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How one man’s action started a drive for greater gender balance in BBC output

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How one man’s action started a drive for greater gender balance in BBC output

Over the past year, Atkins maintained an equal split of male and female contributors on Outside Source, after adopting a self-monitoring system grounded in data.

Now, the BBC will build on the success of Atkins’ grassroots project by pledging to have a 50:50 split of male and female experts across a range of programmes by April next year.

Wanting to push the BBC’s progress around gender parity, Atkins set out to prove it was possible to reach an equal split of male and female experts without spending any additional money, and started to trial the idea in his programme last year.

Ros Atkins will participate in the Women in News Summit, taking place during this year’s World News Media Congress, 6-8 June, in Estoril, Portugal.

Adopting a self-monitoring system, he and the Outside Source team began collecting data on who appeared in the programme, and shared the figures among each other immediately after a broadcast.

“What that did was that my team had to think about this issue every single day, and had to look at the imbalance every single day and just doing that completely changed the levels of motivation, the levels of engagement, and the levels of determination to do better, so that was very powerful,” Atkins said.

Gender balance ‘completely integrated into journalistic thinking’

Additionally, the team identified subjects and stories where they tended to speak mainly to men, and searched for female experts who could comment on those topics instead.

They succeeded in increasing the percentage of female experts featured in the programme from 39 percent in January 2017 to 51 percent in April of the same year, and have since averaged 52 percent women.

“As our contacts got better, it's become easier but it's also become part of our normal working day. When we started it, talking about gender was something extra,” Atkins said.

“Now, we talk about it all the time but it's not an extra thing, it's just part of how we make our programme. It’s become completely integrated into our journalistic thinking.”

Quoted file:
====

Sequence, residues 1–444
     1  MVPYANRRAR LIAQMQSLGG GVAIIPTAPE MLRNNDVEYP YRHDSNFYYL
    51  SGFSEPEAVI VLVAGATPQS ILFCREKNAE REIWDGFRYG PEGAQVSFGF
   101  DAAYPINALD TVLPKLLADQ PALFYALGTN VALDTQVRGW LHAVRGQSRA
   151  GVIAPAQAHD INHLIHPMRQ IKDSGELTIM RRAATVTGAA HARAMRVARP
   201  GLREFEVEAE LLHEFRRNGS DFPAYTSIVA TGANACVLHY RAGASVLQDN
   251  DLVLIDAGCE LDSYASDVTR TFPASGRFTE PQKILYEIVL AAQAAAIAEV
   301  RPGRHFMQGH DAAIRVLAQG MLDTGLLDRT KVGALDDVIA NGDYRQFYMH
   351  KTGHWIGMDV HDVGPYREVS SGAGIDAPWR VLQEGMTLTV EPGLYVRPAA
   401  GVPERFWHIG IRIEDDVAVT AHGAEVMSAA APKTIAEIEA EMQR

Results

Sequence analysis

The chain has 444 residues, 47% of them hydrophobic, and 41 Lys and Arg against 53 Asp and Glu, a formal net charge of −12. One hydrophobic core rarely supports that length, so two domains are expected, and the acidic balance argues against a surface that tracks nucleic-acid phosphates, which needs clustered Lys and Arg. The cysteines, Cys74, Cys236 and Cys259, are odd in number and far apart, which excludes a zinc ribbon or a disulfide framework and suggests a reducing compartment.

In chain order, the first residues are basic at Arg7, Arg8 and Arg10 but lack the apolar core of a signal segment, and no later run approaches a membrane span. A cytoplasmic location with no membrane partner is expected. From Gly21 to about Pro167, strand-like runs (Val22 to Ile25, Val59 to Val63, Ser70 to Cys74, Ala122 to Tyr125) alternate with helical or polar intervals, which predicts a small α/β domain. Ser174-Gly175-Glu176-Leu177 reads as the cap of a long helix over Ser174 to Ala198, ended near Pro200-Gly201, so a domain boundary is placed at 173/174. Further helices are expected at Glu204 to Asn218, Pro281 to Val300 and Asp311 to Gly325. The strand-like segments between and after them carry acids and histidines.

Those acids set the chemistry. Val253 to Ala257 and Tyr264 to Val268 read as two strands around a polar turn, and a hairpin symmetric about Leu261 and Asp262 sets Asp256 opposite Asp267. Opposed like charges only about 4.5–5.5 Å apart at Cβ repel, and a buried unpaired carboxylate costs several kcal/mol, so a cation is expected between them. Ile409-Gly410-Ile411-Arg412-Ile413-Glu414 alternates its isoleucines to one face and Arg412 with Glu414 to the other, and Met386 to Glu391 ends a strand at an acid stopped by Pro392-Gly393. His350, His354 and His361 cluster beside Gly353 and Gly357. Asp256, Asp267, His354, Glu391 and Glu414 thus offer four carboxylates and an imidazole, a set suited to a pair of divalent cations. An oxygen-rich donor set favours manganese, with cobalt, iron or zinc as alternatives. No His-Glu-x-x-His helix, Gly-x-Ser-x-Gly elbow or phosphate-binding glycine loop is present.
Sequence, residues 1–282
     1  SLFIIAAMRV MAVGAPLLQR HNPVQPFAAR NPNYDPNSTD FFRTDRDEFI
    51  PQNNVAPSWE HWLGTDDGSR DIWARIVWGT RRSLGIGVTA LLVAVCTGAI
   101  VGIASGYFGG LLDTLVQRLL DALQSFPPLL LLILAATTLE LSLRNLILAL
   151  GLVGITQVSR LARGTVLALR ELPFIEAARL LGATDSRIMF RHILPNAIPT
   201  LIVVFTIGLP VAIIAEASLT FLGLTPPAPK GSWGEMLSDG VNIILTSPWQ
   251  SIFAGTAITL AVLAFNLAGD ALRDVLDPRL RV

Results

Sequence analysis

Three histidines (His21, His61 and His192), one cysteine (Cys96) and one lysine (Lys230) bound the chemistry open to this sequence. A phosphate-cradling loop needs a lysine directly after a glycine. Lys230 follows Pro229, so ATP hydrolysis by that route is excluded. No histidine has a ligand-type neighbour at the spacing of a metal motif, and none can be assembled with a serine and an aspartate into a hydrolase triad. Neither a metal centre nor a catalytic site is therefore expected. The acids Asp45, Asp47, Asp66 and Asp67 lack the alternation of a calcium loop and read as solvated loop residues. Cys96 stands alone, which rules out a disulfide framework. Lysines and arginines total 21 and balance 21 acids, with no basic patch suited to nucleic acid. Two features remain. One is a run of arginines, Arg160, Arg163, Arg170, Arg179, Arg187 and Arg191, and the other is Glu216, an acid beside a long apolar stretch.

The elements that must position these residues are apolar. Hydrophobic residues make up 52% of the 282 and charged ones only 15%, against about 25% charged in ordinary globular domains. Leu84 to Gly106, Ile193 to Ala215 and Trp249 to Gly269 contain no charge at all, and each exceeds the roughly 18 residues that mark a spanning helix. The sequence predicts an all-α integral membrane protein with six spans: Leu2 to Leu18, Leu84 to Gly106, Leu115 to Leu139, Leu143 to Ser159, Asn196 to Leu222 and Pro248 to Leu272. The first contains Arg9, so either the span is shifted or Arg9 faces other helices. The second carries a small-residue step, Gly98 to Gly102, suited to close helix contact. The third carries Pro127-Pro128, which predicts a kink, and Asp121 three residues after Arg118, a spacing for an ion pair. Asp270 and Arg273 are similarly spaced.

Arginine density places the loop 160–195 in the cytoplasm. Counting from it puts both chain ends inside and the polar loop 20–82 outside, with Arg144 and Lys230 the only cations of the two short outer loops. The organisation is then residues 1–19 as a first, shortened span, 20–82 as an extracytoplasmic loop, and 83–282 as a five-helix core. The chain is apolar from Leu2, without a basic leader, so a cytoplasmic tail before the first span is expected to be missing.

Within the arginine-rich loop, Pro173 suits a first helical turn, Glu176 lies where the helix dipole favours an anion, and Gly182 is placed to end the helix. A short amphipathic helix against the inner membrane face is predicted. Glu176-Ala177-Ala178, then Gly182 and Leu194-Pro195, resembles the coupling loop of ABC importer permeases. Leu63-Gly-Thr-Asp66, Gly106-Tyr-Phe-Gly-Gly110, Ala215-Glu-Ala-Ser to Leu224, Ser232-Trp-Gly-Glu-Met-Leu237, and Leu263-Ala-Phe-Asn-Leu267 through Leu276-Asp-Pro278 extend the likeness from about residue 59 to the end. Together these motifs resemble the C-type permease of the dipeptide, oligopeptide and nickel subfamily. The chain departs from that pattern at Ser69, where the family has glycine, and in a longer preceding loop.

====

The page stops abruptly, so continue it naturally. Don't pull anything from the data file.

Having achieved such positive results, Atkins approached other programme editors, telling them about what his team had been doing.

“When I go and speak to other programmes about this, the producers may say ‘yes, but we’ve got these problems and we’ve got these challenges’, so it's very powerful for me to be able to stand there and say to them ‘after I finish talking to you I'm going to go into the newsroom and I’m going to make another programme tonight that’s going to be 50:50’,” he said.

“Every day, we are living proof, if you will, that this is possible. I think without that proof, it would be very easy for a lot of programmes to say that it isn’t realistic.”

By now, more than 80 programmes have decided to work towards improving gender balance among experts, including some of the BBC’s leading news programmes, such as BBC Breakfast or Newsnight.

“One of the more radical ideas was that this would be completely voluntary. So when programmes started, they started because they were excited to start, not because they had to. That completely changes the atmosphere around it, and what we found as a consequence is that their commitment to doing it is higher as well,” Atkins said.

While not all programmes have achieved a 50:50 split yet, Atkins says there have been some big shifts, with certain programmes bringing up the percentage of female contributors by 15 percent in a matter of months.

He also pointed out the importance of creating a detailed plan around gender representation, and taking the journey step by step.

“If 50:50 feels impossible, let’s make a plan to reach 60:40, then we can talk about 55:45, and when we reach that we can talk about 50:50.”


Simone Flueckiger's picture

Simone Flueckiger


2018-04-11 12:12

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